Home / International / International -- Update Tools: Save | Print | E-mail | Most Read
Russia Restores Europe's Gas Supplies
Adjust font size:

Russia's Gazprom said yesterday gas supplies to customers in Europe had been fully restored after disruption caused by a dispute with neighboring Ukraine.

"We have fully completed work to restore gas supplies to Europe," Gazprom spokesman Sergei Kupriyanov told a news briefing. "At this time we are carrying out deliveries to European consumers in full."

Russia accused Kiev of illegally tapping off gas from the pipeline crossing its territory to Europe after the Russian gas monopoly Gazprom cut its feed for Ukraine on Sunday. States from Serbia to Germany complained of supply cuts and Washington warned Moscow against using energy as a political tool.

Moscow agreed on Monday to restore pumping close to normal levels, acknowledging there was little it could do to stop Ukraine helping itself to the gas.

"With the aim of preventing a possible energy crisis, caused by Ukraine illegally taking gas, Gazprom has taken the decision to deliver additional gas into the gas transport system of Ukraine," the company said in a statement.

"We stress that the additional delivery of gas is not designed for Ukrainian consumers but is meant for transit through the territory of Ukraine for delivery to consumers outside the borders of Ukraine."

Kiev has denied taking Russian gas but said it would if temperatures do fall below freezing.

But Gazprom repeated its claim yesterday that Ukraine was siphoning off Russian gas being piped across its territory for European consumers.

"Ukraine continues to steal gas, and has stolen 118 million cubic meters over the past day. Gazprom will once again compensate its European consumers but it cannot continue eternally and Ukraine will have to pay for it in any case," said Kupriyanov.

The European Commission urged Russia and Ukraine to "get back to the table" yesterday and settle the dispute.

The Russian ITAR-TASS news agency said Ukrainian President Viktor Yushchenko had told Polish President Lech Kaczynski by telephone that supplies to Europe were restored to normal levels two hours after Moscow had stepped up its pumping.

Poland's biggest natural gas company said yesterday that supplies from Ukraine returned to normal levels earlier that day, after a drop of 50 percent on Sunday.

Poland gets about 60 percent of its natural gas from Russia. While most of it is transported through Belarus, substantial supplies also flow through Ukraine.

Commenting on the problem, Prime Minister Kazimierz Marcinkiewicz reiterated yesterday that diversification of Poland's gas sources is a top priority for his two-month-old government.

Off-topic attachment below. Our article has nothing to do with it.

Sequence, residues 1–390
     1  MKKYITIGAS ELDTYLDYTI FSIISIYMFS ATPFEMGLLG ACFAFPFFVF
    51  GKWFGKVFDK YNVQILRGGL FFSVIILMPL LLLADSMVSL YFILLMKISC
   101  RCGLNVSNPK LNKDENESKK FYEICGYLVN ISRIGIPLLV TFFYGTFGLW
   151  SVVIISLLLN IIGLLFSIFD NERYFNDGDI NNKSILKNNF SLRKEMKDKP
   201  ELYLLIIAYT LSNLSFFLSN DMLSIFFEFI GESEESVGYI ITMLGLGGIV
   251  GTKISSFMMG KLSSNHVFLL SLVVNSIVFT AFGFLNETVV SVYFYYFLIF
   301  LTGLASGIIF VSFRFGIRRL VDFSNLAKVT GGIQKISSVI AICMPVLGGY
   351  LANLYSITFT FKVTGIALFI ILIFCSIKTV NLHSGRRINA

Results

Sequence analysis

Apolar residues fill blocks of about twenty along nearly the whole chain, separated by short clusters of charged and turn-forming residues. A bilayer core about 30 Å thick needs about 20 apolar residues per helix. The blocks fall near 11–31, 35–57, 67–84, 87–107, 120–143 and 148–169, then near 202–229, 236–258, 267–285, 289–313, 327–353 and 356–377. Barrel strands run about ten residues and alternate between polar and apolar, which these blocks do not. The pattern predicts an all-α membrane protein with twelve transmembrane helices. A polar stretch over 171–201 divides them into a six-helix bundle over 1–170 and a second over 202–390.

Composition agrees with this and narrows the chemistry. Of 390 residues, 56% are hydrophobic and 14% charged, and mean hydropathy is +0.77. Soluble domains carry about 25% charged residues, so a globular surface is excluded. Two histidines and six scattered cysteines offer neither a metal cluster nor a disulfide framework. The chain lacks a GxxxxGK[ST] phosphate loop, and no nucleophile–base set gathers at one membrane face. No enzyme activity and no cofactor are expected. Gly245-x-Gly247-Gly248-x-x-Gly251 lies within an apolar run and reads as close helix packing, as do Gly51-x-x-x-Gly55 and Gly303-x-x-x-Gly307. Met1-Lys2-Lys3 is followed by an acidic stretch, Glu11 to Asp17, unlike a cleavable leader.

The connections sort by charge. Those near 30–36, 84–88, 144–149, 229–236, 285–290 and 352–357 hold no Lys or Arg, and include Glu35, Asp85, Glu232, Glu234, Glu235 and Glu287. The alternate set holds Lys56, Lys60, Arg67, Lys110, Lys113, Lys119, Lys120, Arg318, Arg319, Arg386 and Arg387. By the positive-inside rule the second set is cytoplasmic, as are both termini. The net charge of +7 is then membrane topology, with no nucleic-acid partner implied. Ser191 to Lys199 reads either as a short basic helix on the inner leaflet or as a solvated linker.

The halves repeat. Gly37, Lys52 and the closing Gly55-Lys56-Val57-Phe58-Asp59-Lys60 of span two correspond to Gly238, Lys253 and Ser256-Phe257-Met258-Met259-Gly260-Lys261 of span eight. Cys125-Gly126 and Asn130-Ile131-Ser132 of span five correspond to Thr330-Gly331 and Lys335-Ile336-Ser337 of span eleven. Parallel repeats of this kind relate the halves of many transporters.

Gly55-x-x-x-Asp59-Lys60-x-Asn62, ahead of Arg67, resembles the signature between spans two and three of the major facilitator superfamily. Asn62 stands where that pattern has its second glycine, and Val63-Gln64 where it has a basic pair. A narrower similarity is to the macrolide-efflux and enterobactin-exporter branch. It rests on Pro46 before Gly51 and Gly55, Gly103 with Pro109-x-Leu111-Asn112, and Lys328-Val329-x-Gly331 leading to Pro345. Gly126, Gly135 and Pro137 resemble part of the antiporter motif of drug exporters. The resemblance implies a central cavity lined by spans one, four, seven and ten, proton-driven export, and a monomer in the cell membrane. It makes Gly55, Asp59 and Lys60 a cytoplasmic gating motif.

Dispute is 'commercial'

Russia's state-controlled Gazprom cut supplies to Ukraine after Kiev rejected demands it pay four times more for its gas a sharp break with subsidised prices rooted in the Soviet era.

Russia said the demand simply brought prices in line with market rates while Ukrainian officials alleged the Kremlin was seeking to undermine their government.

Europe receives 25 percent of its gas from Russia. Moscow has since Soviet times promoted itself as a reliable gas supplier an image it seeks to enhance as chairman of the G8 group of leading industrial nations.

But events in the past 36 hours sent a chill through capitals and energy markets.

Gazprom said it would pipe across an extra 95 million cubic meters of gas a day to Europe via Ukraine and planned to restore full supplies to European customers but not to Ukraine by yesterday evening.

On Sunday, it had cut volumes going along that route by 120 million cubic meters a day.

Analysts said there was little EU nations could do for now to lessen their dependence on Russian energy because there were no readily available alternatives.

"We don't see much downside from all this for either Gazprom or Russia," Timothy Ash, an analyst with Bear Stearns investment bank said in a research note.

"The EU/US have little real leverage on Russia, given that Gazprom is simply asking Ukraine to pay what West European states already pay for energy. Why should Russia give Ukraine a discount?"

But Germany, Russia's biggest gas customer, said it would think twice about increasing its imports of Russian gas unless Moscow proved it was a dependable energy supplier.

Meanwhile, Kiev and Moscow were left arguing over who owned the gas flowing between their two countries difficult to prove in the maze-like distribution system inherited from the Soviet Union.

Ukraine said it had enough gas from alternative sources.

Those sources, it said, included gas arriving via Russia's pipeline network from central Asian Turkmenistan. But Gazprom said that gas was Russian, not Turkmen.

(China Daily January 4, 2006)


Tools: Save | Print | E-mail | Most Read

Related Stories
Russia Starts Cutting off Gas Supply to Ukraine
Ukrainian-Russian Ties Further Sour in Shadow of Gas Dispute
Gas Dispute Deepens as Ukraine Rejects Russian Loan
Talks Fail to Resolve Ukraine-Russia Gas Dispute
PM: Ukraine Has Right to Take 15% of Russian Gas Shipments to Europe
Russian PM Cancels Visit to Ukraine Due to Gas Row
SiteMap | About Us | RSS | Newsletter | Feedback
Copyright © China.org.cn. All Rights Reserved     E-mail: webmaster@china.org.cn Tel: 86-10-88828000 京ICP证 040089号